Week 4

This week we have learned about independence in Latin America. From the very first line,”the idea of Latin America destabilizes geography, history and identity” this video made me reflection what I know about Latin America. Growing up in Mexico, I learned about independence through school. I always thought independence was something that was inevitable. I figured that no nation would want to be a part of political representation if they could avoid it. Naturally, it was only a matter of time before people would take up arms and fight to get rid of the Spanish. It seemed to me that by overthrowing the invaders from their land, the natives had achieved freedom. However it was only until recently that I began to think about what being a free, independent nation really meant. My parents are very interested in politics in Mexico and the Mexican government is a constant topic of conversation at our house. Recently, they made a comment about how Mexico is not a free nation. In Mexico, we have been ruled by the same political party for many decades now that is known to have committed fraud for most of its rule. I won’t go into too much detail but generally, it is believed they have benefitted and exploited the working class for their own benefit. While watching this week’s video a quote from Simon Bolivar came up, “a people is enslaved, when the government infringes on and usurps the rights of the citizen or subject.” This really stood out for me because I could relate it to my own country. I strongly feel that the role of a government is to protect its people and that everyone should have a say in the country’s decisions. Simon Bolivar mentions the “world balance of power” that was needed at the time and the more I thought about it, the more convinced I was about the people’s need for independence and getting rid of Spanish rule. What really surprised me though, was that people who were not of Spanish descent such as the Indigenous people would ever oppose this movement. I understand that they were given many benefits however, they were often seen as less important than the Spanish.  If this was the case, why would they not want to support a movement that would potentially give them a higher social standing as well as a voice in terms of how their country is ruled?

6 Thoughts.

  1. Hi Carolina!
    Great post! Bolivar’s quote also stuck out to me, as it was a such a broad and encompassing definition of what it means to be enslaved. It definitely made me widen my understanding of what it means to be a slave of one’s country and government. Unlike the simplified labourer-slave definition, Bolivar’s definition made me rethink my own home country’s (the Philippines) policies and how, much like the Mexican government it seems, they have been doing everything but protecting their citizens.

  2. It’s quite remarkable isn’t it—the notion of independence. The readings of this week, as well as the discussion session have really made me think about what independence really is…and I have no clue, yet everyone seems to claim they have it but they don’t really. I agree with you, if something could happen to rid the injustice of those who are without…why doesn’t it? Often though, those who do have fear they will lose what they have if there is equality for everyone.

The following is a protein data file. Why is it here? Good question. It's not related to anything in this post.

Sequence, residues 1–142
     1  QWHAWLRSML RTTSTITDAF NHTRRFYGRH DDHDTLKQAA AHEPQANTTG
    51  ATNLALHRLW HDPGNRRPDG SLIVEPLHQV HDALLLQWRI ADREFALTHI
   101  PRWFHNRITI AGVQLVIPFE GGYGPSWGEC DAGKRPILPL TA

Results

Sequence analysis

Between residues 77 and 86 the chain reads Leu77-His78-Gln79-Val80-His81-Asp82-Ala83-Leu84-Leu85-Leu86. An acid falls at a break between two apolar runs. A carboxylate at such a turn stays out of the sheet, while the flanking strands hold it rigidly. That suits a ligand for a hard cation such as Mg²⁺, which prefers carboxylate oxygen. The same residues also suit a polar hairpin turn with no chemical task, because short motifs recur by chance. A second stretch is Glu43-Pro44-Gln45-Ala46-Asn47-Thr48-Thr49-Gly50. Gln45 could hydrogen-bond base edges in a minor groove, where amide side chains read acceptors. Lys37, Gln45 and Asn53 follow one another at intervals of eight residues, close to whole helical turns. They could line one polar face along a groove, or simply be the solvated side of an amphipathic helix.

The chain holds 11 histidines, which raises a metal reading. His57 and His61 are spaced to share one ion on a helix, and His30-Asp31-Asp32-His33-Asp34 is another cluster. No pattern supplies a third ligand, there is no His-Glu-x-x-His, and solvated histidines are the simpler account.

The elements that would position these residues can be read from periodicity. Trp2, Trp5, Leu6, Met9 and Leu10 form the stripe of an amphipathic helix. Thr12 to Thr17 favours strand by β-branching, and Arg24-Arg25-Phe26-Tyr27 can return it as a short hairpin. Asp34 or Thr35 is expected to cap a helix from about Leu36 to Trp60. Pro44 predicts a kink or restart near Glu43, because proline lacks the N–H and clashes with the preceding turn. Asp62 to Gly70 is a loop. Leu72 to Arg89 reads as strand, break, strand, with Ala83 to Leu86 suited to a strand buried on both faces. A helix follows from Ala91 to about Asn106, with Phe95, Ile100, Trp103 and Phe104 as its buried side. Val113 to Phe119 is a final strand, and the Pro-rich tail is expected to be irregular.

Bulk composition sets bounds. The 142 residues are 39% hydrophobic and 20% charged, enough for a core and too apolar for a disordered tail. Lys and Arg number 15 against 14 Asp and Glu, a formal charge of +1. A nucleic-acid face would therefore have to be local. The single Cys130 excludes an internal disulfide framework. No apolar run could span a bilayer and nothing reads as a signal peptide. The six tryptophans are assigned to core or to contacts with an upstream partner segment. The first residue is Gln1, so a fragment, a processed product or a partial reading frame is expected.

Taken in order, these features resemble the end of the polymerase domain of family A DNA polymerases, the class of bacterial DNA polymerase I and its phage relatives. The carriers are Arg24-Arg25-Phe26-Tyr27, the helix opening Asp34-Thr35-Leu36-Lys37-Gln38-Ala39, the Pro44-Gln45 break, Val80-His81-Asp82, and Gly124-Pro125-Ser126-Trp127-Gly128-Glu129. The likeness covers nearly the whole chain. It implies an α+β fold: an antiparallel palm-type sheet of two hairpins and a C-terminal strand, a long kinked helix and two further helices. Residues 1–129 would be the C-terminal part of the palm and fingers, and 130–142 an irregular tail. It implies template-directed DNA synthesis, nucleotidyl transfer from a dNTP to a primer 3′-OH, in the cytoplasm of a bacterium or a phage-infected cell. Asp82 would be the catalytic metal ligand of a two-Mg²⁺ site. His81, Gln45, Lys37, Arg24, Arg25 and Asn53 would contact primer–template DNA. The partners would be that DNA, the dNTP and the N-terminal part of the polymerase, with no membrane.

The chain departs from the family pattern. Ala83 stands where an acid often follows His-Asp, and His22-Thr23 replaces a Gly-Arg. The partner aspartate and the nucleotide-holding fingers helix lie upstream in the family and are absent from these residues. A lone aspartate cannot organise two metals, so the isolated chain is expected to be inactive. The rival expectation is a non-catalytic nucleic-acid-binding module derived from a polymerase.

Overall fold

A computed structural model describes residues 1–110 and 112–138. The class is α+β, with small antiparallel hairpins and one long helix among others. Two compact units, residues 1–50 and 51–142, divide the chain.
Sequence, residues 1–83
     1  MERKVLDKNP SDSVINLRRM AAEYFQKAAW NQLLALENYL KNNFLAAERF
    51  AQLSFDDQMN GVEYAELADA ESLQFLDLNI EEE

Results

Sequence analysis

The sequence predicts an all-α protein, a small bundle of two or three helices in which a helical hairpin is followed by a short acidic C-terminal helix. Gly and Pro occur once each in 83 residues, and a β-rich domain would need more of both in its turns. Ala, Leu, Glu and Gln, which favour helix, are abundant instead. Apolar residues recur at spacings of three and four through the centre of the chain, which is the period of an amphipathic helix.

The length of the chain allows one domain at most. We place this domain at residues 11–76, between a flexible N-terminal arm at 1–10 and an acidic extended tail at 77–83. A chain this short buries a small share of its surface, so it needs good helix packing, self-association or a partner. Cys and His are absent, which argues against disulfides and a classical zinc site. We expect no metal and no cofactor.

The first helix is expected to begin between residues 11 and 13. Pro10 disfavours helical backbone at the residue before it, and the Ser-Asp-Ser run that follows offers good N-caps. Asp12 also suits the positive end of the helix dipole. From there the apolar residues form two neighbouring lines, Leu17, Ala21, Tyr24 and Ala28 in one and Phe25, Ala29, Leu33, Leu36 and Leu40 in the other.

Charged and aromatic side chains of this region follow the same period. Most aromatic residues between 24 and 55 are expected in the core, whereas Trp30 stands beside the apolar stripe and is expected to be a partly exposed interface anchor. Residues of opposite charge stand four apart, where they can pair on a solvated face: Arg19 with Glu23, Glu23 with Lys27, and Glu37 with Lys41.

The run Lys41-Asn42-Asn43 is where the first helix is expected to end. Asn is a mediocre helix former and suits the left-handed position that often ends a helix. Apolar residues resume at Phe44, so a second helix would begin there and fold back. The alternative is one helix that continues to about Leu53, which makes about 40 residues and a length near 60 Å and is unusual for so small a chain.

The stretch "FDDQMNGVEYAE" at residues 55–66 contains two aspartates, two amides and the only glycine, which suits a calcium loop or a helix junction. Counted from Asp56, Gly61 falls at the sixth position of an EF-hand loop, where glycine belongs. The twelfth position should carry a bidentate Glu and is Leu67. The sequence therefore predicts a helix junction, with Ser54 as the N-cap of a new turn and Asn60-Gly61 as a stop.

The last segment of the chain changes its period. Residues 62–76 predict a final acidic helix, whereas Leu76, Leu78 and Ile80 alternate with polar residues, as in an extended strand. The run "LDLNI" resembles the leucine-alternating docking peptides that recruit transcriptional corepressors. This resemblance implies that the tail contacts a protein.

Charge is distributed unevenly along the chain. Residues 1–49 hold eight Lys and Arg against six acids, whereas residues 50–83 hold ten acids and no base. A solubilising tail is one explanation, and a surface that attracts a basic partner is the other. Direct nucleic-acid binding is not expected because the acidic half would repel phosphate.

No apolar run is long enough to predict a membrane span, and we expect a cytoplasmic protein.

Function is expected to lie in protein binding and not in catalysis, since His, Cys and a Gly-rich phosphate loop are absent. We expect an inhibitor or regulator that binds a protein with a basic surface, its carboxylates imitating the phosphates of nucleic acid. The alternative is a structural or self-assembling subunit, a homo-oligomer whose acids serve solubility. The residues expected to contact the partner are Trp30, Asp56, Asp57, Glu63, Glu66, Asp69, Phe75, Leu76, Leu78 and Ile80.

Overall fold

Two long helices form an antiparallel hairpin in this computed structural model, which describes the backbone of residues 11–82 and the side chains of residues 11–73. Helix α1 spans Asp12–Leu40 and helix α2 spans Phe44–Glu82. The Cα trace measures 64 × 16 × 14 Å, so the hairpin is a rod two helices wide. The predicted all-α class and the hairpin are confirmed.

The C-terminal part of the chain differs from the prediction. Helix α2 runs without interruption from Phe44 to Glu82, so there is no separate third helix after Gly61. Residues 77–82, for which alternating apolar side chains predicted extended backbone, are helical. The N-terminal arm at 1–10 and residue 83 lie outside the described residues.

3. Hi Carolina! Although I have never traveled to Mexico myself, I always had the misguided belief that Mexico was an independent (and therefore free) country. That is until I read your post. If you look up the definition for the word “independence” in the dictionary, you will find that it is synonymous with “self-sustaining” or “self-government”, which is tantamount to “freedom from outside control”. What about inside control? From your post I understand that not only is Mexico still enslaved to the Northern countries, but the Mexican people is also restrained by its own government. I believe the case of Mexico is very much relevant to Bolívar’s attempt to differentiate the notion of freedom from the concept of independence. Now your post has left me wondering how come there is so much corruption and fraud taking place in the countries of Latin America as opposed to those of Europe?

  4. I also grew up in a Mexican household; However, I grew up in Canada so I must admit my knowledge of Mexican politics is much more limited. I must say I agree with the idea that Mexico is not really a free country. In some ways it is far from being the country ruled by the Spanish but it continues to have some of the same underlining problems. Namely inequalities between social and economic classes. That being the case your comment about it being inevitable for people to fight for their freedom is frightening. I would like to believe that there is other options to obtain freedom, but in the case of the Latin American countries I believe fighting was the only way to have their voices heard.

  5. Yea awesome that Bolivar’s quote resonated with you so well. I think its really interesting how your’e so in tuned with your home political goings on. Me being from the states, I try to avoid politics as much as possible haha.

  6. Great read. I was drawn into your blog post because of the kind of personal connection you had with it. Its interesting to see what somebody from Latin America has to say about their own history. You post really made me weary about the whole concept of independence and what it means for different people. Also makes me think about what is going right now with
    Catalonia trying to get it’s own independence- you would’ve thought that by now everyone is free.

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